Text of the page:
Decentralisation in PNG: a political analysis

Crawford School of Public Policy | Development Policy Centre
Decentralisation in PNG: a political analysis

Event details

Public Seminar

Date & time

Friday 29 October 2021


Online via Zoom


Professor Stephen Howes, Dr Lawrence Sause and Dr Lhawang Ugyel


Arichika Okazaki
02 6125 6805

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» read book chapter

This paper provides an overview of decentralisation in Papua New Guinea (PNG) since independence, with a focus on political decentralisation. We show that PNG’s decentralised system has several distinctive and, in some cases, unique features. It is constantly evolving – in fact, heading in different directions. PNG’s system of decentralisation has become highly complex, with four tiers of government. It relies heavily, perhaps uniquely so, on indirect representation, with both provincial assemblies and district committees dominated by national politicians. We also argue that four political forces have shaped, and will continue to shape, PNG’s decentralisation reforms: the political dominance within the country of national members of parliament (MPs); the dominance, within that group, of district over provincial MPs; as a countervailing force, strong, though variable, political support for provincial autonomy; and, finally, the underlying clientelistic, fragmented and unstable nature of PNG politics. These findings are consistent with those of Spina (2013) in a very different OECD context.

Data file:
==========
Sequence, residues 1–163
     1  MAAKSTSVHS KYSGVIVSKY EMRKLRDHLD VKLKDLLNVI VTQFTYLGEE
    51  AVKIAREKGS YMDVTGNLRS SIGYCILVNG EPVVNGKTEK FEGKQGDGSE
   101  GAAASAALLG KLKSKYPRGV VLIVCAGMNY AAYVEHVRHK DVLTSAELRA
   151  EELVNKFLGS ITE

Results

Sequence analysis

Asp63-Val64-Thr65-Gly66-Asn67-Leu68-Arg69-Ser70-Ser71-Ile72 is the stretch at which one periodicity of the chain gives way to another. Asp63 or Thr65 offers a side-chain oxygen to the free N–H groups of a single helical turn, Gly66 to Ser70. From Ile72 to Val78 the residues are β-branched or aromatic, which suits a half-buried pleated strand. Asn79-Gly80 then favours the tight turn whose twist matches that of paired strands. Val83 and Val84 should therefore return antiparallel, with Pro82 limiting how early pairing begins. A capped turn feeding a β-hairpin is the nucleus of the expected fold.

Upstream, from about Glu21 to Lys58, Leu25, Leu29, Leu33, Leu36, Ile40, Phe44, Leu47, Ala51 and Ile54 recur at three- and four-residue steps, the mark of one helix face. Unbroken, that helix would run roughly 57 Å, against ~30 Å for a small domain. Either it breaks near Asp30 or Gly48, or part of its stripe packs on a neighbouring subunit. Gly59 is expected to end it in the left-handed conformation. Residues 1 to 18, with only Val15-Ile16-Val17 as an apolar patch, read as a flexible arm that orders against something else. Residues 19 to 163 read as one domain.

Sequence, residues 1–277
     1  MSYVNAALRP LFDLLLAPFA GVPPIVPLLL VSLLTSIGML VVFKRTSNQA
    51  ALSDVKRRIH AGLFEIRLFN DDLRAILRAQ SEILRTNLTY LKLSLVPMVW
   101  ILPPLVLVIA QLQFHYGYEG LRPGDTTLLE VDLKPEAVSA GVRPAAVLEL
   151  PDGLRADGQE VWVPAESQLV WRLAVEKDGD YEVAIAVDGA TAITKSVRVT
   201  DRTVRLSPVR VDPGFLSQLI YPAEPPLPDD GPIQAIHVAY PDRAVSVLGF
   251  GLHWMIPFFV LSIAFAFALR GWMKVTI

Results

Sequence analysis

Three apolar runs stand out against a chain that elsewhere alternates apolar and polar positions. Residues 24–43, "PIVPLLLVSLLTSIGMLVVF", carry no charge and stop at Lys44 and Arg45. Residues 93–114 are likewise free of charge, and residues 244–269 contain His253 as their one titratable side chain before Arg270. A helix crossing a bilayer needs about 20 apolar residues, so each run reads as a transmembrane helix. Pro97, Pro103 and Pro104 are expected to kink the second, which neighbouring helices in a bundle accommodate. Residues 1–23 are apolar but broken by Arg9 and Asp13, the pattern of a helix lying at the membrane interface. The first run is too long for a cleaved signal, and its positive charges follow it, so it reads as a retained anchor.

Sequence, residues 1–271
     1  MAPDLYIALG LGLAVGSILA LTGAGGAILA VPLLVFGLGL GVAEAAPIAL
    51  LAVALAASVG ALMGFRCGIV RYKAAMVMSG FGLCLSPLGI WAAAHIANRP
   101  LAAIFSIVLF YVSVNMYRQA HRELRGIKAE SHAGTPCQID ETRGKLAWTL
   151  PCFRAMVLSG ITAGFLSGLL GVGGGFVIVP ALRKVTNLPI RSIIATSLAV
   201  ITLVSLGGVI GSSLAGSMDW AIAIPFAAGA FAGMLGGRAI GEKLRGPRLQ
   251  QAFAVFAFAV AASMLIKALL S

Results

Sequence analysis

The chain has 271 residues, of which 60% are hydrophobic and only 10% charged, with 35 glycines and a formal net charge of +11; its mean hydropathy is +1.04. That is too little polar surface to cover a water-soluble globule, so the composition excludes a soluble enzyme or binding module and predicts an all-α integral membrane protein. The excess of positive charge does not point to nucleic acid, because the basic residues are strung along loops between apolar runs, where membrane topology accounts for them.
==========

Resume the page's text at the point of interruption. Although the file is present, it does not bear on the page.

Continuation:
Professor Stephen Howes
Director, Development Policy Centre, Australian National University

Dr Lawrence Sause
Deputy Executive Dean (Resources and Planning), School of Business and Public Policy, University of Papua New Guinea

Dr Lhawang Ugyel
Lecturer, School of Business, University of New South Wales

This presentation is based on the speaker’s chapter, ‘Decentralisation: A political analysis’, in the ANU-UPNG edited volume, ‘Papua New Guinea: Government, Economy and Society’, available for free download.

The ANU-UPNG seminar series is part of the partnership between the ANU Crawford School of Public Policy and the UPNG School of Business and Public Policy, supported by the PNG-Aus Partnership.

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